The “worst years of your life”? Well, maybe. But it isn’t all bad. Here we share some of our favorite middle school memories.
When I was in the 6th grade, my homeroom teacher taught science, and kept gerbils in her classroom. Each week, a different student was responsible for feeding and caring for the gerbils. We all looked forward to our turn. When my week finally rolled around, I arrived early on Monday morning to fulfill my duties. I was shocked and confused to discover tiny, hairless creatures crowded together on one end of the gerbils’ cage. The only similar creatures I’d ever encountered were baby mice that were fed to a pet snake, which happened to reside in our school’s music room. My teacher had a good laugh when I informed her that someone had deposited the snake’s food into our gerbil habitat. Of course it turned out that there was no malicious intent involved – the creatures were just new additions to the gerbils’ family.
One of the strongest motivations for teachers is that their lessons will be remembered. Sometimes, though, it’s the students who are able to put lessons into words their peers will understand. As my eighth-grade algebra teacher explained to us the fundamentals of the x/y axis, a classmate in the back of the room loudly observed, “Y is for ‘yup,’ which rhymes with ‘up.’” Our teacher simply rolled her eyes and thanked him for his contribution, but ever since then, I’ve known which is across and which is up and down by remembering that “Y is for ‘yup.’”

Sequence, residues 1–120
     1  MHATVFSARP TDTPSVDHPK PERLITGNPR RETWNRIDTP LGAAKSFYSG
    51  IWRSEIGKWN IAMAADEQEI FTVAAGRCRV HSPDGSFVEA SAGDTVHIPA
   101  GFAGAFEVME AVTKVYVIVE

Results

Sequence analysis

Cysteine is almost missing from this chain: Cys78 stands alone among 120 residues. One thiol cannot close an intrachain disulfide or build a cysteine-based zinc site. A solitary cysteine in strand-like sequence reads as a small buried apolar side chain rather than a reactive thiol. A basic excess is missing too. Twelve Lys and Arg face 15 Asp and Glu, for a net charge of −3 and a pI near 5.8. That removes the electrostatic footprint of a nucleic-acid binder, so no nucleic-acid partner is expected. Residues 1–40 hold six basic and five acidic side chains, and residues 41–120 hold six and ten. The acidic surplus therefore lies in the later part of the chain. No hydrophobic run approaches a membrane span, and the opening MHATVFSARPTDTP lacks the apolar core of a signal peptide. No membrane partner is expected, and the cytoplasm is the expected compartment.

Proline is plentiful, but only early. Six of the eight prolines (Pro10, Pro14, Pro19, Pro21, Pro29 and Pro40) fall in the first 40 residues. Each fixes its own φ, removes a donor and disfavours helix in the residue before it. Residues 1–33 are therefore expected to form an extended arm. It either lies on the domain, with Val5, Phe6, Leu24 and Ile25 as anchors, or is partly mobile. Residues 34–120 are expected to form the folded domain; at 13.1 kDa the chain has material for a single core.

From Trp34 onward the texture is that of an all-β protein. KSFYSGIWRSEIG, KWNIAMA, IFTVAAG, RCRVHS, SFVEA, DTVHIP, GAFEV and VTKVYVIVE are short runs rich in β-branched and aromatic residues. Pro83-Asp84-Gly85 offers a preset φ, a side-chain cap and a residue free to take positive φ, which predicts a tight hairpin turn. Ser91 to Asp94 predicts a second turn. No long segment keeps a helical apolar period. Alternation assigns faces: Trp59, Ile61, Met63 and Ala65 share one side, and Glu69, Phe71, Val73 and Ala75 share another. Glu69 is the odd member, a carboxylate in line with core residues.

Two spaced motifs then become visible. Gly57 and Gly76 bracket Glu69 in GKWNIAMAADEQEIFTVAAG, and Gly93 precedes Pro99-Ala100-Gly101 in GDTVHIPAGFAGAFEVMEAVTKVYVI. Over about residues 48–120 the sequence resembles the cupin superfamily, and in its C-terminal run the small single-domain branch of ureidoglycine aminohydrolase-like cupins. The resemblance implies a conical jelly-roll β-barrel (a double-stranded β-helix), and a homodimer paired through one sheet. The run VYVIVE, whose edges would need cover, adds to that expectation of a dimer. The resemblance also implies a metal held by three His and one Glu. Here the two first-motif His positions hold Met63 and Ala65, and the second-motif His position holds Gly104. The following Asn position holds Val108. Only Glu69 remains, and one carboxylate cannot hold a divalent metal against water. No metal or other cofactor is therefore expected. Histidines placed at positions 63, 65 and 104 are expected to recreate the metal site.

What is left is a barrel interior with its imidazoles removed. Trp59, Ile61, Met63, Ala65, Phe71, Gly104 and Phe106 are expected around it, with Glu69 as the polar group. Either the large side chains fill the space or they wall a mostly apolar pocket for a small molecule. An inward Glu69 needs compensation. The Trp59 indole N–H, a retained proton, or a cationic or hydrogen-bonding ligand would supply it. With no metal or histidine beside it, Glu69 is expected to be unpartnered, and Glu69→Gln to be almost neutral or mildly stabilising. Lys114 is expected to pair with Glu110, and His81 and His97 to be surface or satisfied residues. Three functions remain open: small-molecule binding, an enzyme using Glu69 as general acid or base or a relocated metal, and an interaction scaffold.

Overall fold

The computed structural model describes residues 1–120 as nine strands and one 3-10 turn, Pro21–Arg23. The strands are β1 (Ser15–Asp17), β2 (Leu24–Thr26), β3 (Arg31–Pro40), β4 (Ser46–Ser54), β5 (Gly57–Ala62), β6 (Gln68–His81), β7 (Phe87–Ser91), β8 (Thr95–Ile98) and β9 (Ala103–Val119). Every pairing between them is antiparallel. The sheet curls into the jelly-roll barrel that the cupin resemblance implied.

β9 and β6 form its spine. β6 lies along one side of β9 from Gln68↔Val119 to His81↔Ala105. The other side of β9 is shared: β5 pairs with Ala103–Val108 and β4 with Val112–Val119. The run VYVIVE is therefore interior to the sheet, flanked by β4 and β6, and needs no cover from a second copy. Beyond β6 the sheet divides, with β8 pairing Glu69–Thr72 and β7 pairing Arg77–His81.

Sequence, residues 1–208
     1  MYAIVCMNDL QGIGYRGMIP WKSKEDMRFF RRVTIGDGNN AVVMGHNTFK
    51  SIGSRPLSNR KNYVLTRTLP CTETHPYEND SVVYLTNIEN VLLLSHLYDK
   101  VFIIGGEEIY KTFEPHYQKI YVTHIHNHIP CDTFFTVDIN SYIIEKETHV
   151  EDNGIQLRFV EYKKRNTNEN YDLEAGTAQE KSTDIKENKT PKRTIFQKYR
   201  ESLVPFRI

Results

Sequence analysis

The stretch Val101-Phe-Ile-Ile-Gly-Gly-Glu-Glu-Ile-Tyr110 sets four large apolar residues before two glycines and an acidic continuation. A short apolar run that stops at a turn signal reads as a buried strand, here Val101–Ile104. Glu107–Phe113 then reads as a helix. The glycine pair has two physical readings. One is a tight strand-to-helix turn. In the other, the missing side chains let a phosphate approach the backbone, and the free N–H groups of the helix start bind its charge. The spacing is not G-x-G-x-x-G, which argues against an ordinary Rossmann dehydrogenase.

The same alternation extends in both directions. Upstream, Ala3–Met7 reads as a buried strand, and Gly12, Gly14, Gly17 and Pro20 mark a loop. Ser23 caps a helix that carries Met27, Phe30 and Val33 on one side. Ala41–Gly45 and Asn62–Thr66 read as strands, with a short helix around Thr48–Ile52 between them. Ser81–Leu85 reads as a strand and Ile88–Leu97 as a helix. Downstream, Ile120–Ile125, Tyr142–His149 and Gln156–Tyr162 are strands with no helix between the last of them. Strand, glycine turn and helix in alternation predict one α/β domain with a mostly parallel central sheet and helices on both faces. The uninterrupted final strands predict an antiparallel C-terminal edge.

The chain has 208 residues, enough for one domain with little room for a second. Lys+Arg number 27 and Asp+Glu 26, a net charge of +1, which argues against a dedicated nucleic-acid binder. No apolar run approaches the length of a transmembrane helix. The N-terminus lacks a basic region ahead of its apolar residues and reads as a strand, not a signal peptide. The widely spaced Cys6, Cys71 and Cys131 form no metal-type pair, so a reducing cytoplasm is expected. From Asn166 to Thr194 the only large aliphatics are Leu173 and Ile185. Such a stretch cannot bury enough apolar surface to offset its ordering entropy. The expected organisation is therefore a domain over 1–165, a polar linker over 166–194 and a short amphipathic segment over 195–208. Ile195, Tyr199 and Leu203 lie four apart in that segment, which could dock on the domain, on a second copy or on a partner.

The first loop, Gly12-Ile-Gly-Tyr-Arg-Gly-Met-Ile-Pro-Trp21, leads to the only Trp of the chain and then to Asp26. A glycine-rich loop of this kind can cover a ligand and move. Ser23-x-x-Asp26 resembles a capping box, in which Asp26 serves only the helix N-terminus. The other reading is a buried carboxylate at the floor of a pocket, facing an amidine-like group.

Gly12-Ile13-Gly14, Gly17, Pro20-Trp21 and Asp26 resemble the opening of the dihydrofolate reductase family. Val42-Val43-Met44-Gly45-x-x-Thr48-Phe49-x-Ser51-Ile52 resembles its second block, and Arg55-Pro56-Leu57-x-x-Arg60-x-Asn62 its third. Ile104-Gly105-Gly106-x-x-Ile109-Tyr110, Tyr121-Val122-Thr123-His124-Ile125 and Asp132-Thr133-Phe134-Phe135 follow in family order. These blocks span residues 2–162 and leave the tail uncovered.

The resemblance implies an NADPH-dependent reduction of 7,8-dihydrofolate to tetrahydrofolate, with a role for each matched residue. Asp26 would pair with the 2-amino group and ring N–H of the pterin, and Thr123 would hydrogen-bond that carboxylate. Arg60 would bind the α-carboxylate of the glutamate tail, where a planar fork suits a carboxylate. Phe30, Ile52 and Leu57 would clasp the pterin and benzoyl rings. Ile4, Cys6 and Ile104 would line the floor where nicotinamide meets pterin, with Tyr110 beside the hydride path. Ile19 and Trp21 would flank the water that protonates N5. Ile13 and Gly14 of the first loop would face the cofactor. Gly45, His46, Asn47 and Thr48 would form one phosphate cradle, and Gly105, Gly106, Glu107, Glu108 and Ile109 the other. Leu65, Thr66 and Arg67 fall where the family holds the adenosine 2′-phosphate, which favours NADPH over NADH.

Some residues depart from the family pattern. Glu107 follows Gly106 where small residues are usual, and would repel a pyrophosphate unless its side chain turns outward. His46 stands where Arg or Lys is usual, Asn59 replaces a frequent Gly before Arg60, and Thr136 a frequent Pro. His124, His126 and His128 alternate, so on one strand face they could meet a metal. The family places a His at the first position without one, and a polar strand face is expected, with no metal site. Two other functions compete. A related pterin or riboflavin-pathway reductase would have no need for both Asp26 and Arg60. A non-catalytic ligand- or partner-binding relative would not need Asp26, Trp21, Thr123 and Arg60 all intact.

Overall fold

In middle school my best friend and I spent as much time together as possible. We shared a locker even though we didn’t have to (a very tiny locker that had to hold twice the amount books, winter coats, backpacks, plus my violin case). We had several classes together and during the parts of the day when we weren’t together, we used study hall to write notes. We could waste no time in informing each other about what embarrassing thing we did at lunch, or what project was killing us, or what one of our crushes said during the previous period. I know I’m not setting the best example, but rest assured we were still good students, completed our work on time and were never the kind of kids who had to be separated because of talking. And at an age where you can be obsessed with something one day and hate it the next, or the fact that distance, college and growing up can alter those relationships you thought were so crucial as a kid, we can look back on middle school, still best friends after 20 years, and realize it was partly bearable because we had each other.